Kevin Durant: Michael Jordan didn’t go through what I did
“Those people really mean a lot to me to this day,” he says. “No matter if they talk to me or they’re mad at me. Whether it’s Sam Presti or Troy Weaver or Russell Westbrook or Nick Collison. Whether it’s Wilson Taylor or Clay Bennett and his family, I love them from the bottom of my heart. We’re not talking, but eventually we will.
“I didn’t have that perspective at first. I didn’t have it when I went back to OKC. I was like, ‘F--k all of them.’ I didn’t have it when they gave my number away. I was, ‘F--k all of them.’ My best friend works for the team, I told him, ‘F--k all y’all. That’s f--ked up.’ Then I had to get out of my head, tell myself, ‘It’s not that serious, it is what it is.’ I understand it’s not my number anymore, they can do whatever they want with it, but you hand that number to a two-way player, you’ve got to be, like, ‘Nah, we’ve got too many good memories with this number, man.’ But at some point, that thing’s going to be in the rafters anyway; it’s all good. I did something they didn’t like. They did something I didn’t like. S--t happens. If I was on my death bed, I guarantee you Sam Presti and Russell Westbrook would come check on me. So I’m going to look at it that way rather than the other way.”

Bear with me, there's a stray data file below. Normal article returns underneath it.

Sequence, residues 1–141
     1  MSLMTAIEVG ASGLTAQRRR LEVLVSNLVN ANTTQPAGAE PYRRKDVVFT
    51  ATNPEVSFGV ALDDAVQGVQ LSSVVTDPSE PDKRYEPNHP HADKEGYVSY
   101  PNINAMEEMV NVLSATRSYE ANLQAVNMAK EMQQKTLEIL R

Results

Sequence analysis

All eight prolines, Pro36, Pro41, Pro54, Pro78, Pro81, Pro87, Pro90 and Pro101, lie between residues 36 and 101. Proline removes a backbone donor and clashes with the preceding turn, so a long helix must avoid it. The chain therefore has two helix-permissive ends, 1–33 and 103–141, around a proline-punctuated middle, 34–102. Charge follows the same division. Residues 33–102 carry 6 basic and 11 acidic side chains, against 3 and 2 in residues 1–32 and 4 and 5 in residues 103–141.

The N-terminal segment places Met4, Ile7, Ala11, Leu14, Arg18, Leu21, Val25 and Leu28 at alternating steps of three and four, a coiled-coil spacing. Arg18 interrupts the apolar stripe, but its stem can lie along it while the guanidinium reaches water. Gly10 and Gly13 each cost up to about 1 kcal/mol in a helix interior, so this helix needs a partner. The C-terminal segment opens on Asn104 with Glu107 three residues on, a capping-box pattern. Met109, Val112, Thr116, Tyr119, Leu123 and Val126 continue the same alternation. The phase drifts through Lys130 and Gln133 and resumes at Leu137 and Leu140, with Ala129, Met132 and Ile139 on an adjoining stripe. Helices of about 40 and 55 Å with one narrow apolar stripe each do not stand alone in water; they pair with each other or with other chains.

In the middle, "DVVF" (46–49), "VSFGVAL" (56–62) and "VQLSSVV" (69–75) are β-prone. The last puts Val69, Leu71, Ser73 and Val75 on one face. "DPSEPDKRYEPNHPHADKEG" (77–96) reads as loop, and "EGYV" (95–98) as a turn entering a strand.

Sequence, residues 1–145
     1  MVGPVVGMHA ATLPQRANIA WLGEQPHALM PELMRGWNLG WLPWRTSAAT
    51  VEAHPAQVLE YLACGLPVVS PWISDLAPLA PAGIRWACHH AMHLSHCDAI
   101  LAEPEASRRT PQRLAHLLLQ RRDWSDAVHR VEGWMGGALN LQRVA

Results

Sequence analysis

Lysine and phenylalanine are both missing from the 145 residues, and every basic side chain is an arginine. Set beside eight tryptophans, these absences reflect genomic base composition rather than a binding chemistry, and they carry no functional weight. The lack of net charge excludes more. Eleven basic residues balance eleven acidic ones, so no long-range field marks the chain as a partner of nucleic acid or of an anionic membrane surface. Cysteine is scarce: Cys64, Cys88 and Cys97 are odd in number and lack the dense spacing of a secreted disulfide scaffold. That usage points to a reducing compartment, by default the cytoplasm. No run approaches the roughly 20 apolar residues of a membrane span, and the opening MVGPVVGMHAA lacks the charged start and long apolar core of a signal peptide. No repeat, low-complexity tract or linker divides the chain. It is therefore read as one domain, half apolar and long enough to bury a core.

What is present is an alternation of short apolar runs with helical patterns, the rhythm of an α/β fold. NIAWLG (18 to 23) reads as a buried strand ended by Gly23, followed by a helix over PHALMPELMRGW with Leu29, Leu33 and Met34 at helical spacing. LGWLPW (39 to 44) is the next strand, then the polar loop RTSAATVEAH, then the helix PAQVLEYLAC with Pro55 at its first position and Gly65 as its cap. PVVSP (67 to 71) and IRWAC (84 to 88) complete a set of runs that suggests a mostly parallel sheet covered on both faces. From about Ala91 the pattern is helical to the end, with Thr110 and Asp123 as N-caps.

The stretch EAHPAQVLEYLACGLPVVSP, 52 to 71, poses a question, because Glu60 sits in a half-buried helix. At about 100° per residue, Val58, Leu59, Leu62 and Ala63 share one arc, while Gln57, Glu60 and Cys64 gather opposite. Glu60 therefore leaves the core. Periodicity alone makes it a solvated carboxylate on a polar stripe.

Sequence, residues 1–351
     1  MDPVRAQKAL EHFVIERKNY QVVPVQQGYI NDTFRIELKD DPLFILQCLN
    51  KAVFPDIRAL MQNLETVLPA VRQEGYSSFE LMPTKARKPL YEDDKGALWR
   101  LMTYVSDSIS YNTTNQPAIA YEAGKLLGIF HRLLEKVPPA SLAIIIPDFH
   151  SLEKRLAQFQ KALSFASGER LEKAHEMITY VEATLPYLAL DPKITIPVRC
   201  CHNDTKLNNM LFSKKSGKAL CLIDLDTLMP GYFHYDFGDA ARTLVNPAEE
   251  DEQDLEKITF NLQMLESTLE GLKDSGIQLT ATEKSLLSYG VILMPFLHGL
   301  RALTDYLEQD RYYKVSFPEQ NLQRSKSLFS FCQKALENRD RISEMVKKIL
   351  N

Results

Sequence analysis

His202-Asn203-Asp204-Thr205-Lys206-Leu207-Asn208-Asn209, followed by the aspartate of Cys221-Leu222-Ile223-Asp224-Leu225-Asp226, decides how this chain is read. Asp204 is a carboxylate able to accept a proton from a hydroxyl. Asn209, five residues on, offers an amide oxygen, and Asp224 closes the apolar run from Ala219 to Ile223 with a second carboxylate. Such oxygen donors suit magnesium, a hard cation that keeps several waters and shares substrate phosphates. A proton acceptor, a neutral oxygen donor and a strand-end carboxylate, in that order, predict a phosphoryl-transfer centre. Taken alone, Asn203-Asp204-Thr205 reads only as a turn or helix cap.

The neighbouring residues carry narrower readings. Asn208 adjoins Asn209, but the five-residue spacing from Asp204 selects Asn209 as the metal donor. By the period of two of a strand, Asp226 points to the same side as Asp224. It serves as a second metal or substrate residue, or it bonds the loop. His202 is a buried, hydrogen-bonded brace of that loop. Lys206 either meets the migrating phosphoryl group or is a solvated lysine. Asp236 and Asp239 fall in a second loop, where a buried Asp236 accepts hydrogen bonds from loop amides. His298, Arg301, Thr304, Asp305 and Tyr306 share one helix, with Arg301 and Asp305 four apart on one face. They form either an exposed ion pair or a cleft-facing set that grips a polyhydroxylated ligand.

The obvious retort is that Jordan never left the Bulls for an easier path to a championship. That wasn’t necessarily Durant’s intention – he opened up about what a ring means to him and much more in Bucher’s piece – but it’s reality. Durant took a shortcut to a title by signing with the Warriors.
But it’s also true that social media gives Durant’s critics access to him that Jordan’s critics never had. Jordan himself admitted it would have been harder for him today.
Durant invites scorn, though. Despite clearly wanting to move on from the Oklahoma City drama on some level, he keeps bringing it up – which I appreciate, because that’s true to who he is. He’s someone who cares about the Thunder giving his old number to P.J. Dozier. He’s someone who can’t get past fans who said they cared about him as a person turning on him because he changed jobs. That’s authentic Durant, and he’s not afraid to reveal it. That approach also fuels his critics.
All Durant can do now is keep being true to himself and playing well, which goes a long way toward silencing detractors.